PROGRAMS & ACTIVITIES
Celebrating the Election on Constitution Day
Celebrate Constitution Day on September 17, 2008 as the ABA Division for Public Education focuses on the election amendments and the Electoral College with The Vote — Debate it. Discuss it. Understand it.
Take the opportunity before the November election to visit www.abaconstitution.org for online features, lesson plans, conversation starters, and the chance to win prizes.
In addition to the Division for Public Education, numerous organizations around the nation are celebrating Constitution Day. In particular, the National Constitution Center in Philadelphia will launch its exhibit, Headed to the White House, on September 17, 2008. Headed to the White House will offer role-playing opportunities and will use multimedia and interactive experiences to convey the importance and excitement of America’s greatest democratic rite. Visitors will learn about the electoral process, the issues and candidates in the 2008 race, and the fascinating history of presidential elections.
The Bill of Rights Institute also offers a variety of free resources on their Web site for Constitution Day. Resources include interactive elements such as a flash-animated, critical thinking activity on Article II and the 2008 Presidential Election, as well as a Constitution quiz and a founders quote matching activity. The Web site also features lesson plans for middle school and high-school students, and a Constitutional Convention activity that allows students to travel through time to converse with the founders and report on the convention as if James Madison's notes have gone missing.
Headed to the White House will run through the inauguration of our next president on January 20, 2009. Visit www.constitutioncenter.org for more information. The Vote — Debate it. Discuss it. Understand it. resources, materials, and interactive features is available at www.abaconstitution.org and the Bill of Rights Institute features can be found at www.billofrightsinstitute.org/teach/freeresources/constitutionday/.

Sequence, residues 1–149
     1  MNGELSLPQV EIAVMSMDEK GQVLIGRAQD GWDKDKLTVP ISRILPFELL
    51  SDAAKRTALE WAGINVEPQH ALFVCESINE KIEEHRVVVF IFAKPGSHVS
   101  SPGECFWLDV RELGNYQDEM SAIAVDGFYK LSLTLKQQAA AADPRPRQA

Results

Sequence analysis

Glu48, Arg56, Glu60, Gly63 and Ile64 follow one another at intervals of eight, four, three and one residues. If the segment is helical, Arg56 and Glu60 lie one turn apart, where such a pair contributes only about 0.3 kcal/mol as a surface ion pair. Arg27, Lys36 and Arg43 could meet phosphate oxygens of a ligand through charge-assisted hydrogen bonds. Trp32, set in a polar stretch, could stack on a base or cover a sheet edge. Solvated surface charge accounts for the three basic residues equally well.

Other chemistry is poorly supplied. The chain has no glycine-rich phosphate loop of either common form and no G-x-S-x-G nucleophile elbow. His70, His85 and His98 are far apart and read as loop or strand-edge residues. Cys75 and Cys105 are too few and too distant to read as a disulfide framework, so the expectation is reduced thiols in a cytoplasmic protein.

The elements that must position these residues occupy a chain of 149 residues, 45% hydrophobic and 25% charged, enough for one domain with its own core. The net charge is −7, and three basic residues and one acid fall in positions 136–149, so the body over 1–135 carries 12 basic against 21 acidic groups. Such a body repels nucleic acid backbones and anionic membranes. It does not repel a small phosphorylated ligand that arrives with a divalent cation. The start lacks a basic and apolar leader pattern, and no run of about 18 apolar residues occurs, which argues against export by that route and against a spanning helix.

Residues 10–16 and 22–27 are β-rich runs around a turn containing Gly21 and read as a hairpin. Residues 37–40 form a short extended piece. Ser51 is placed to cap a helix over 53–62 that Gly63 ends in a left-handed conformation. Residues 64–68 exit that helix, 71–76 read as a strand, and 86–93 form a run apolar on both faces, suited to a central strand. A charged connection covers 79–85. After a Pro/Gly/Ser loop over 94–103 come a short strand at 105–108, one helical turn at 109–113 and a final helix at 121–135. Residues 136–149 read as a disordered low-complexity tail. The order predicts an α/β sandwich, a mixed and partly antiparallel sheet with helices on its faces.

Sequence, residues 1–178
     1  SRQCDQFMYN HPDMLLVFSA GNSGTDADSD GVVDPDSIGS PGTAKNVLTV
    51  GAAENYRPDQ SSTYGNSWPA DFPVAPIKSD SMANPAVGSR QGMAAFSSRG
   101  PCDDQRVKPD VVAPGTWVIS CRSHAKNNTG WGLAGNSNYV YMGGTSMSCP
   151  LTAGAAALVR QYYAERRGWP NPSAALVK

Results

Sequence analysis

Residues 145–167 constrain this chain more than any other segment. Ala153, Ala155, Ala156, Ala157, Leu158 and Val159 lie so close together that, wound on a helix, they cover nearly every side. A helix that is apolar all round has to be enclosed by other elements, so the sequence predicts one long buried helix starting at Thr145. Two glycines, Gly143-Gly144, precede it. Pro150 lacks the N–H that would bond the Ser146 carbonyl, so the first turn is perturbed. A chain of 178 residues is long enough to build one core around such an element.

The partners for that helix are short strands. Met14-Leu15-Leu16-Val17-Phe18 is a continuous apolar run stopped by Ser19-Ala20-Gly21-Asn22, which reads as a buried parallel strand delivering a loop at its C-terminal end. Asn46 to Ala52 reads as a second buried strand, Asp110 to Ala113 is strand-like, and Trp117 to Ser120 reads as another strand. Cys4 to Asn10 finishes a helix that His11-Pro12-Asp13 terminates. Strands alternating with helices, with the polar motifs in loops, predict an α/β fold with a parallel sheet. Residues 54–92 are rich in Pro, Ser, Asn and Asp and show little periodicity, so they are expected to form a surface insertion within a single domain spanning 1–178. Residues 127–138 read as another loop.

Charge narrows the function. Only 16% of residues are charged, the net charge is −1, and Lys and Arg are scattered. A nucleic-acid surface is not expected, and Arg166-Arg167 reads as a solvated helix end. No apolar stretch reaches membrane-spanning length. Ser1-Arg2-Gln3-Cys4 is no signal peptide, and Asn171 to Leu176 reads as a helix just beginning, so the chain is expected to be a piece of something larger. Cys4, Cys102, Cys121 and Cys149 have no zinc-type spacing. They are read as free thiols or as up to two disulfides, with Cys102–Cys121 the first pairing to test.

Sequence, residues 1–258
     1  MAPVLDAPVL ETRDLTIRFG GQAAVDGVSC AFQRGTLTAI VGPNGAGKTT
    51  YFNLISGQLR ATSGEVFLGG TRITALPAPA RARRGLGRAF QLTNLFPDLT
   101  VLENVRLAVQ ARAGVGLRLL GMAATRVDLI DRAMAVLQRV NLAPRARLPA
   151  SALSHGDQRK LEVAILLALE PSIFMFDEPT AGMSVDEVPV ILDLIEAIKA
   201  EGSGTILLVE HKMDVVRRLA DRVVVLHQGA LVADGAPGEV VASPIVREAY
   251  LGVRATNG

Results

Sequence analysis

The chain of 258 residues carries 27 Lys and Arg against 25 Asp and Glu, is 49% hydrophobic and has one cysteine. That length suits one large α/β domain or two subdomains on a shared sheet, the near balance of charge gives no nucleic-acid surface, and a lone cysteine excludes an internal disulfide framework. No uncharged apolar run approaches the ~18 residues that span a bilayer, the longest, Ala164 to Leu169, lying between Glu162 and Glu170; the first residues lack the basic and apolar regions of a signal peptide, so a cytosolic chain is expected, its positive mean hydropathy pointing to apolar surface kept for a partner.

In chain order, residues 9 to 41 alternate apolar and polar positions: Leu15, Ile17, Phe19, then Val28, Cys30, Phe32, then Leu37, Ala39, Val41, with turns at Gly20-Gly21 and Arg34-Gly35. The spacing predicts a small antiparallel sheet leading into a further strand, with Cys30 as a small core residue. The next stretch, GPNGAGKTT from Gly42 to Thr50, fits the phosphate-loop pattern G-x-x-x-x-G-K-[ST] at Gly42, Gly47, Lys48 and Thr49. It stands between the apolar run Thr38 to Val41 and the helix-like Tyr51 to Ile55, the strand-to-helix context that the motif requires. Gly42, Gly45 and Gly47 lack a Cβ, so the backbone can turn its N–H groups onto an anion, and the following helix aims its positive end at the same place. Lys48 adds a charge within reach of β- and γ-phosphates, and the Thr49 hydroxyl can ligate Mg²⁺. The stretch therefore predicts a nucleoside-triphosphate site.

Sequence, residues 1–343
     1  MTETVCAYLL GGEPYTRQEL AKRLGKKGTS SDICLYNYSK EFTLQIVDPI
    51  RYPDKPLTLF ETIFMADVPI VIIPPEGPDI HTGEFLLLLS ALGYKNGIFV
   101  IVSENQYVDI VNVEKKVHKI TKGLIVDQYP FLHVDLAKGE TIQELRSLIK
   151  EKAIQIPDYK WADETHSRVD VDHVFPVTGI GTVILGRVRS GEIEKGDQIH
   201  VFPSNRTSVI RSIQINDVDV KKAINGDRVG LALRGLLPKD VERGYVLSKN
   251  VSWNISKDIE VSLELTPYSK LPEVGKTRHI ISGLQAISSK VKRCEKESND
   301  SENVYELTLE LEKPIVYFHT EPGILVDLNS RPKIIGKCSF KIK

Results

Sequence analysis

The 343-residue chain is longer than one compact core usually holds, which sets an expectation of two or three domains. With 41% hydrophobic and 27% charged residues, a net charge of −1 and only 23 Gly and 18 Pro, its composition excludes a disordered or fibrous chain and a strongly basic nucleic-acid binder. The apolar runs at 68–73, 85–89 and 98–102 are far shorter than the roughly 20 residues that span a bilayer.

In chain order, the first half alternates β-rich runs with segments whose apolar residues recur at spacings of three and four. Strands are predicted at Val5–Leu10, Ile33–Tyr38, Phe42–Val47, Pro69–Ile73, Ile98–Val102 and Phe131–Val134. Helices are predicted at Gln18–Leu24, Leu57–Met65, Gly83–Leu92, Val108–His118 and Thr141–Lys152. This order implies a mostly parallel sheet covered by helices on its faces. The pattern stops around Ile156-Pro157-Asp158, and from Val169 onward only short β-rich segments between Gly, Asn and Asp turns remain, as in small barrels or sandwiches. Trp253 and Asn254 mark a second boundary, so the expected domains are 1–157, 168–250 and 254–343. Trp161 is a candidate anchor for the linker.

Participate in the National Online Youth Summit
The National Online Youth Summit (NOYS) offers high school students the chance to study, research, analyze, and discuss an issue online with students around the country.
The theme for the 2009 NOYS, Up in Arms: Understanding the Second Amendment Debate, reflects on the contentious nature of the Second Amendment and allows today’s youth to delve deeper into the debate.
During the summit, students will have the opportunity to learn more about the history of the Second Amendment as well as engage in a vigorous debate about the many issues related to the right to bear arms. Through summit participation, students will:
- analyze and evaluate key legislation, Supreme Court decisions, and public policies;
- articulate informed opinions about policy options;
- engage in civil discussion by participating in the online discussion;
- pose questions to legal experts; and
- create a research-based final project.
This no-cost interdisciplinary program offered by the ABA Division for Public Education is available to high school students and teachers around the country. The summit curriculum, objectives, and goals are adaptable and allow teachers to create an exemplary project-based learning experience tailored to their students and relevant learning standards.